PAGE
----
In a New Country, Confusion and Doubts
But Ntaiya, still jet-lagged, would just remember the way that she had been surrounded by people chattering at her -- "How are you? How was your flight?" And she would remember the phalanx of linen and silver that confronted her when she sat down to eat. Only the night before had she used a fork for the first time, and her beef stew dribbled everywhere. But with all eyes on her, she dared not falter.
She glanced at the woman sitting next to her, who was putting a napkin in her lap. Ntaiya picked up her napkin and placed it in her own lap. Then her tablemate picked up a fork, so Ntaiya did the same.
For all her nervousness, Ntaiya made a dazzling impression. Everyone who met her in those early days recalled being charmed by her smile and awed by her poise. It was her life story, though, that brought the most attention. Her nationality hardly set her apart: Over the previous decade, Randolph-Macon had made a concerted effort to diversify its student body -- offering scholarships to foreign undergraduates, unlike many U.S. colleges -- and by the time Ntaiya arrived, nearly one of every eight students was from overseas.
Yet none of her classmates -- indeed, few of her fellow international students across the United States -- had been raised in the kind of poverty and isolation found in Enoosaen. And few others could boast the kind of exotic cachet that came with her identity as Masai, the handsome tribe of nomads celebrated by Ernest Hemingway and National Geographic.
Ntaiya quickly became a hot property. She was interviewed by the student newspaper, enlisted as a campus tour guide and photographed for an admissions recruiting poster. She was filmed for a documentary about her life that was presented at the kickoff for the college's capital fundraising campaign.
Her classmates, meanwhile, were enthralled by her accounts of growing up without electricity and drinking cow's blood mixed with warm milk. Ntaiya thrived on the attention and happily answered their questions, no matter how silly -- "Do you have monkeys where you live?" "Would I be safe if I came to visit you?"
Even the comments tinged with condescension or naiveté -- "Wait, you have syringes," asked a hall mate upon hearing how the cow's blood was extracted, "but you don't have shoes?" -- she fielded with good humor. It was good they were asking, she reasoned, and good that she had a chance to educate people about her culture.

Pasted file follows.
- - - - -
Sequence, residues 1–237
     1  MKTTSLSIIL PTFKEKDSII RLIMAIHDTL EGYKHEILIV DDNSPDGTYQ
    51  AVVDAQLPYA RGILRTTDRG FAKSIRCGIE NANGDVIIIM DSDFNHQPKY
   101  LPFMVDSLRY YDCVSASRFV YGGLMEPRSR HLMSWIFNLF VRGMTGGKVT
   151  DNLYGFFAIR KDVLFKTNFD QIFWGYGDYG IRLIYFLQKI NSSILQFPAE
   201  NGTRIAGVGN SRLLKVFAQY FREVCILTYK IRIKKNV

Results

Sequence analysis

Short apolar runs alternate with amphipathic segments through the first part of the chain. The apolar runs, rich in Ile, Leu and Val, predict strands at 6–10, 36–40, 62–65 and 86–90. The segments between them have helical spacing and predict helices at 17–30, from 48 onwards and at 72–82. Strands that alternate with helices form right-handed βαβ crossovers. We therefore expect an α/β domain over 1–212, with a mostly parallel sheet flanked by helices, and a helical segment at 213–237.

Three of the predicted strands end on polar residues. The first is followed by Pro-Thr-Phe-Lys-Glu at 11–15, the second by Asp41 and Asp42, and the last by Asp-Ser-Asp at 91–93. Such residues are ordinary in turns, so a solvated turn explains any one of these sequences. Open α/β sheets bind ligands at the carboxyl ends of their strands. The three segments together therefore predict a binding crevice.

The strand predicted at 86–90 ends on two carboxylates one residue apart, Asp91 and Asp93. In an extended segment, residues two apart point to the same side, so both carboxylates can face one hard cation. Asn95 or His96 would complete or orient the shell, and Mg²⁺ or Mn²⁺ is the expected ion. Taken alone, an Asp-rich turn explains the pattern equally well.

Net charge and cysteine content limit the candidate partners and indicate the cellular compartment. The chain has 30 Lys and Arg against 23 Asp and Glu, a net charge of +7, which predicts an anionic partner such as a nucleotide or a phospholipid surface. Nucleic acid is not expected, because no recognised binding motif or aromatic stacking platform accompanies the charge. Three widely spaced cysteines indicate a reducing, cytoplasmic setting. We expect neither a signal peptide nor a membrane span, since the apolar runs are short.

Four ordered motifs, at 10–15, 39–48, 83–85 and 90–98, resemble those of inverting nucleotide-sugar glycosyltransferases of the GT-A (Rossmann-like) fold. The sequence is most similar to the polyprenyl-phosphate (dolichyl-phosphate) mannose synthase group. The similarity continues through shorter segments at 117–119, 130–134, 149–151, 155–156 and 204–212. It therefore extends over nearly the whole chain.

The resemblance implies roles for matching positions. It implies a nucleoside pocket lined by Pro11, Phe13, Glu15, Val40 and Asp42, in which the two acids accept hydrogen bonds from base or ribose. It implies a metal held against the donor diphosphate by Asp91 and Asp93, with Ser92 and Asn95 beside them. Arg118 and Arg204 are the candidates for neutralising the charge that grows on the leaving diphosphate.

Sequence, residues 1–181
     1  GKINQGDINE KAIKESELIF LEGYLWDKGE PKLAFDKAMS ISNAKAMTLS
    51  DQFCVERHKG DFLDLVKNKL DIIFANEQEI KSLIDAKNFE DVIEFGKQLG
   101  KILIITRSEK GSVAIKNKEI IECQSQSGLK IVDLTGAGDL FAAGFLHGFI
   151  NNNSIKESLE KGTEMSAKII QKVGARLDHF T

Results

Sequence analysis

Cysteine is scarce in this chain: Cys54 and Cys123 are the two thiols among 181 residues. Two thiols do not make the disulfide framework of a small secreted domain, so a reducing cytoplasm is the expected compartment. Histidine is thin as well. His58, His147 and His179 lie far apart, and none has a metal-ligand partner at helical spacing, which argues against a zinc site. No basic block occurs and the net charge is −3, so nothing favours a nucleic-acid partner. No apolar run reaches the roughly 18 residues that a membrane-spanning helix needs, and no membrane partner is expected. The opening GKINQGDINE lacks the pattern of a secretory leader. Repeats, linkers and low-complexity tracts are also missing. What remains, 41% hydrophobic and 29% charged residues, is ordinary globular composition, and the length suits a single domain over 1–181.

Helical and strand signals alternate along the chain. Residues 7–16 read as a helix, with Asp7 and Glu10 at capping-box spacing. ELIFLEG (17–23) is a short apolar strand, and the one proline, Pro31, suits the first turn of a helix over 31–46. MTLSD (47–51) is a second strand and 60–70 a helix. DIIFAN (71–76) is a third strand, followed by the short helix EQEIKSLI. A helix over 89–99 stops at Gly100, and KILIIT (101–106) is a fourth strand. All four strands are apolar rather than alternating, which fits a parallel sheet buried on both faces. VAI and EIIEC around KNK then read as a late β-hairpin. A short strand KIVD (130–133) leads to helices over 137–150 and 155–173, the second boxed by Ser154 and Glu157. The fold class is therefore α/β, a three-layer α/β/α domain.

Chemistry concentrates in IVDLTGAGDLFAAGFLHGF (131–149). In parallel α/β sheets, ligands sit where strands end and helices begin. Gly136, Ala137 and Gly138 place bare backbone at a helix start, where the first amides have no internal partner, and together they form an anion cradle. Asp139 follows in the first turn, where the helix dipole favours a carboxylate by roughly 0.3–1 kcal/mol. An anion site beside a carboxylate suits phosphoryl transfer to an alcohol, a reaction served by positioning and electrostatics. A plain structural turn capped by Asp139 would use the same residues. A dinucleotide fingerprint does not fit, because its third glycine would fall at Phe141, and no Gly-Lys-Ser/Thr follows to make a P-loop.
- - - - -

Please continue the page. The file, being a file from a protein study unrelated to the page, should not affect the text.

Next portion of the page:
Other times, though, the attention seemed cloying. Her new friends gushed over her charming accent and enthusiastically assessed her exotic looks. They cut out magazine photos of the Sudanese supermodel Alek Wek, insisting she resembled Ntaiya -- and wouldn't it be cool if Ntaiya shaved her head as well? -- when really all the two shared was the dark-coffee complexion.
Ntaiya always smiled, but in their room she sometimes complained to Flansburg that she felt she was being treated like a child. "I'm a woman!" she'd say.
Yet the truth was that Ntaiya did stand apart from her classmates and was indeed reliant on them. She did need help learning how to use the computers and the reference section of the library, and she did need the charity of her new friends. Everyone knew her story, knew that she had arrived bearing only a few outfits in her suitcase, and she quickly filled her closet with the hand-me-down sweaters and jeans donated by her peers.
It was a thrill at first, all these free clothes, and she couldn't believe her good fortune. But as the donations continued to pile up in bags left outside her door, her joy turned to unease. Some of the items had holes or stains. Did her new friends really find her so pitiable?
One evening, at a crowded table in the dining hall, a girl pointed out the shirt Ntaiya was wearing and mentioned that it used to belong to her. Ntaiya smiled and laughed softly. But back in her room, she raged with anger and shame. Never before or since did Flansburg hear such language from her pious, polite roommate:
"That damn [expletive] girl!"
Through it all, though, she had Katherine.
Flansburg was a redheaded education major from Illinois with a directness and self-possession that would, in a few years, lead her to lose 55 pounds, get engaged and win a Fulbright. She had written an essay on her application stating her preference for an international roommate -- going so far as to enthuse about the multicultural benefits of sharing a room with "a girl from an African village." Still, she was astonished to see a photo of her future roommate in the long, red skirts and heavy beaded necklaces of Masai custom.
Ntaiya recalled that Flansburg "took me like a sister" from the start, talking her through the hard times and introducing her to such wonders as movies and bicycles. She also seemed to distinguish herself by teasing Ntaiya mercilessly. In other words, treating her like anyone else.
"She will not eat salad!" Flansburg exclaimed to a visitor one evening in the dining hall several months after Ntaiya's arrival. "We went to Taco Bell and got a taco. It had lettuce on it, and she had to pick it off."
© 2003 The Washington Post Company